In the later 20th century, New Zealand’s biological scientists became more interested in detailed investigations, and less interested in identifying and describing plants and animals. With widespread government reorganisation in the 1980s and early 1990s, funding for reference collections was cut and collections were neglected.

About 1995, there was an upsurge of interest in biodiversity. This led to a renewed interest in taxonomy (classifying plants and animals). Scientists realised that many New Zealand insects and other small creatures had never been described, and started using reference collections increasingly. The Foundation for Research, Science & Technology has designated a number of collections as having national significance, and partly funds their curation.

Collections in the 2000s

Computer databases and the internet have revolutionised the way collections are indexed and used. Most collections are catalogued by computer, and many catalogues are available online. Some collections have photos of specimens online, so it is quick and easy to compare them with unknown plants or animals.

New Zealand’s biological collections were built up over 150 years. In the early 2000s they provided information used for a variety of purposes, including:

  • identifying rare species, and mapping their distribution
  • historical and heritage projects, including revegetation
  • identifying introduced species and weeds
  • commercial purposes, including natural medicine
  • selecting conservation areas.

Types of collections


Botanists have developed a worldwide system of storing plants in collections known as herbaria. Most plants are dried and mounted on card, so they can be treated like cards in a filing system. A small amount of material (wood, cones or fruit, or plants that cannot be dried) is treated differently.

Who wrote that?

The New Zealand Herbarium Network has produced another type of collection – examples of the handwriting of New Zealand botanists. This helps identify unknown collectors of plant specimens.

Around the world, there are about 2,660 herbaria in 147 countries, each with a distinctive alphabetical identifier. New Zealand has 16 public herbaria. The largest is the Allan Herbarium at Landcare Research in Lincoln, near Christchurch. As well as general reference herbaria in museums and universities, New Zealand also has specialist collections for fungi, forestry, and plant diseases.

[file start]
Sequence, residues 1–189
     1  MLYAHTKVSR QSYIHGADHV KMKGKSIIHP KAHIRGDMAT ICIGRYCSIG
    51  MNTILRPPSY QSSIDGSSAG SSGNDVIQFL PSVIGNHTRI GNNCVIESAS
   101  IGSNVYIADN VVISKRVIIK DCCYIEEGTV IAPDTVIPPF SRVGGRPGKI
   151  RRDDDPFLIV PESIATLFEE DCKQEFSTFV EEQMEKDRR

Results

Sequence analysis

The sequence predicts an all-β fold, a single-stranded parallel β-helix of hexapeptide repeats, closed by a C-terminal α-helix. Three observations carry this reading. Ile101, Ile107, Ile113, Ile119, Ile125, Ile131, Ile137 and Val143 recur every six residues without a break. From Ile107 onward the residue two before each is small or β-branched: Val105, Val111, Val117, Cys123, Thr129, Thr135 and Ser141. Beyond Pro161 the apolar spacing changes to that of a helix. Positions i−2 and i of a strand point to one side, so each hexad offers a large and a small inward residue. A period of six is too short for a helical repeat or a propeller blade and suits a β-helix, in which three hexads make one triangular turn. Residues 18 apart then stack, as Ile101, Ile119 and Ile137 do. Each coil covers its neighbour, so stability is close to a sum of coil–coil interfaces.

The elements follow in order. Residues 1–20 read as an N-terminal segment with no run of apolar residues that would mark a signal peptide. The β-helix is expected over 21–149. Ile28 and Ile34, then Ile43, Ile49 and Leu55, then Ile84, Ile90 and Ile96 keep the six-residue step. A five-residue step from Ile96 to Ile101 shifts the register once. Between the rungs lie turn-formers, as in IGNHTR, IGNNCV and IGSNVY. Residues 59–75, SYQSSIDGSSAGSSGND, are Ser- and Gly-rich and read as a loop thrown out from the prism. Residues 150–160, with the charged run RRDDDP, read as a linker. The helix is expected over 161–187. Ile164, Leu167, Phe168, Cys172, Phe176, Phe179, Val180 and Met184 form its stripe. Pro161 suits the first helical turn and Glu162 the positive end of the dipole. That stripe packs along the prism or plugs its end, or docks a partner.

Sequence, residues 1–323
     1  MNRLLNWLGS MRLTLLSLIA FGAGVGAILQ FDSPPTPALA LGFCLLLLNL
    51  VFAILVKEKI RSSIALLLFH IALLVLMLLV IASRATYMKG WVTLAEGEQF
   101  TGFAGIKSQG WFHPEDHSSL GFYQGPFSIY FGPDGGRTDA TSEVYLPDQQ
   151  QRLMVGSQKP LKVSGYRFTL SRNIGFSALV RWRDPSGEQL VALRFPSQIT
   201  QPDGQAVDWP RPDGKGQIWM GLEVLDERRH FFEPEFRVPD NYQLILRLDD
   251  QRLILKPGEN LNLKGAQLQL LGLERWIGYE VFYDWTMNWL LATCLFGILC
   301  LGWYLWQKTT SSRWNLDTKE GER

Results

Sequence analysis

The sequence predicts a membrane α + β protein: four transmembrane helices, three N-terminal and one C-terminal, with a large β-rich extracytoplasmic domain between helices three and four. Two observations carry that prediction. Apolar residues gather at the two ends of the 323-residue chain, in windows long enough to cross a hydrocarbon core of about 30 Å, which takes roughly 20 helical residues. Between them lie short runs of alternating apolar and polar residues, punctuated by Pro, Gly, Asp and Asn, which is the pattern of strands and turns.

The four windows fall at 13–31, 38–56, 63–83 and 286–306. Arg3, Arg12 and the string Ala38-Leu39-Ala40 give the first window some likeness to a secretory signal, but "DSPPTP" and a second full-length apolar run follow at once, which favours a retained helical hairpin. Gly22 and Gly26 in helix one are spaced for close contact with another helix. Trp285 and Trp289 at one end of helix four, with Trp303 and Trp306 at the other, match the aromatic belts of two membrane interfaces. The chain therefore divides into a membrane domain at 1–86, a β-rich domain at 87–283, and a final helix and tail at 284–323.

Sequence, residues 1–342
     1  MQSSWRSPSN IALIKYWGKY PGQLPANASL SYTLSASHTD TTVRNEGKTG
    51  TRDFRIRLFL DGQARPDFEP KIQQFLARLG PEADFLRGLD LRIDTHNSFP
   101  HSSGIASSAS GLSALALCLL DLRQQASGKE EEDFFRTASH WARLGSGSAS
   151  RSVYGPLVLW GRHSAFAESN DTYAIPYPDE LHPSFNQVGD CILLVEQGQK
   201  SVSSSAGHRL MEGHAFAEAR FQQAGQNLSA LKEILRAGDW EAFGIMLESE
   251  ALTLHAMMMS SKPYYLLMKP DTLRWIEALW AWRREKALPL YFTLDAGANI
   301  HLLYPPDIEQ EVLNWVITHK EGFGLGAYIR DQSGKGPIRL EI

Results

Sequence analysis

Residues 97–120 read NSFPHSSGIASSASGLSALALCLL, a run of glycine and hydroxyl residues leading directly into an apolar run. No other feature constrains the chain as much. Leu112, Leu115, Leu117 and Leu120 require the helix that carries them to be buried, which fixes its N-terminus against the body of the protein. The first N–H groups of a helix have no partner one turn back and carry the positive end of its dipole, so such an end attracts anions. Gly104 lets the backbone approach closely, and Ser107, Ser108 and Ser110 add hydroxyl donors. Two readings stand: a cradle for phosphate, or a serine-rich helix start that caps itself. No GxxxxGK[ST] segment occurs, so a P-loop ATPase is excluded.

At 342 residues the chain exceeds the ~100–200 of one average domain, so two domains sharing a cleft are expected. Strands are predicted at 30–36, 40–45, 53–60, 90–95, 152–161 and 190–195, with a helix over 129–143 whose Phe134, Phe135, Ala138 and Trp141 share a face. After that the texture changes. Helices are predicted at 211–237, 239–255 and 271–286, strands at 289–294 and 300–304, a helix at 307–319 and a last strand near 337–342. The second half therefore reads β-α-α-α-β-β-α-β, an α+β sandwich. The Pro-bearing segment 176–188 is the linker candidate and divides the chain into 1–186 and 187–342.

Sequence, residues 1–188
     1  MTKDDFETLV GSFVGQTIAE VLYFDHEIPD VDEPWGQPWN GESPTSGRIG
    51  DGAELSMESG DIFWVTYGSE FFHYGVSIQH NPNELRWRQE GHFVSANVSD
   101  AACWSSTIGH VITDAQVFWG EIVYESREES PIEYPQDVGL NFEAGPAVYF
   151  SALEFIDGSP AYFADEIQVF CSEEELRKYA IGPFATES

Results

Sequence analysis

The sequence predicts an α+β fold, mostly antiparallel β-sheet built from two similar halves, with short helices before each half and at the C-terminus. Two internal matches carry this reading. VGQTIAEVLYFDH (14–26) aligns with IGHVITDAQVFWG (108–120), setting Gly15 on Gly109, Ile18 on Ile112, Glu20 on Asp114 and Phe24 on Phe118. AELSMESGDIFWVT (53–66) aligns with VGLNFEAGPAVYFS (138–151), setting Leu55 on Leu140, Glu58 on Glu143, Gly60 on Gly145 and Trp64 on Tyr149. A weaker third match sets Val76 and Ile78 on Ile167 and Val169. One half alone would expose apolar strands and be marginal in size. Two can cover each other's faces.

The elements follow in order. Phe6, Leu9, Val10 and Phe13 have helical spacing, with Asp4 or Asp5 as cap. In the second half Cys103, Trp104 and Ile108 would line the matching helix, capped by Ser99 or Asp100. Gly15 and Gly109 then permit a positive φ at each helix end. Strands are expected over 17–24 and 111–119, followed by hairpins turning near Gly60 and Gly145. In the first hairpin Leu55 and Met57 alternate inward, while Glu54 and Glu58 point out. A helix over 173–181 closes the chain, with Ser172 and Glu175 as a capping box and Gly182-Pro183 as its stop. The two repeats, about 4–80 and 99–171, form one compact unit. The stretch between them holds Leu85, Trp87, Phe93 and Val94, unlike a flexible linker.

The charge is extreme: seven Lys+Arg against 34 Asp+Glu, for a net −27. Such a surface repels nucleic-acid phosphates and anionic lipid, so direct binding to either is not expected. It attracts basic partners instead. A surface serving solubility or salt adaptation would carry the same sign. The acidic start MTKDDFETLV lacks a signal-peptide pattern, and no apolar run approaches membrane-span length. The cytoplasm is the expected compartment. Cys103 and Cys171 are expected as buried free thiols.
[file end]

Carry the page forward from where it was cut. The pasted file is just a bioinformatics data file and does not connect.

The New Zealand Herbarium Network was formed in 1989. In 2003 there were over 1,300,000 plants and fungal specimens in the network’s combined holdings.

Animal collections

Specimens of animals are held in various collections across New Zealand. A number of these are designated national reference collections. They include collections of arthropods and nematodes, held by Landcare Research, and freshwater fish, held by the National Institute of Water and Atmospheric Research (NIWA).

The marine invertebrate collection at NIWA has specimens of almost all invertebrate groups. It also holds unsorted samples collected during 50 years of research cruises around New Zealand.

This forms a record of seafloor life and a reference collection for scientists. Many new species are being identified and described – for example, bubblegum corals are some of the largest organisms to live on the sea floor, yet New Zealand species of them are only being described in the early 2000s.

Mistaken identity

Scientists first identified New Zealand’s fossil foraminifera (microscopic single-celled animals) in the 1920s. They knew little about overseas microfaunas, and gave most species local names. When paleontologist Harold Finlay re-examined the specimens 20 years later, he found that most were already described overseas, so the local names were invalid. He also found that Haplophragmium speighti was a piece of flint, not a microfossil – so this name is no longer used.

Fossil collections

Fossils are evidence of past life. They include shells, bones, plant fossils, and a variety of microscopic fossils (especially foraminifera, radiolarian, and pollen). Fossils are not officially covered by the international codes for naming plants and animals, but the same conventions are used. GNS Science holds New Zealand’s largest fossil collection, which includes many type specimens.

The New Zealand Fossil Record File is a database of fossil localities throughout New Zealand, administered jointly by the Geological Society of New Zealand and GNS Science, and linked to different collections. It records over 85,000 fossil sites, and appears to be the only national database of its kind.

Hononga, rauemi nō waho

More suggestions and sources

How to cite this page: Simon Nathan, 'Collections of plants and animals', Te Ara - the Encyclopedia of New Zealand, (accessed 21 July 2024)

He kōrero nā Simon Nathan, i tāngia i te 24 o Hepetema 2007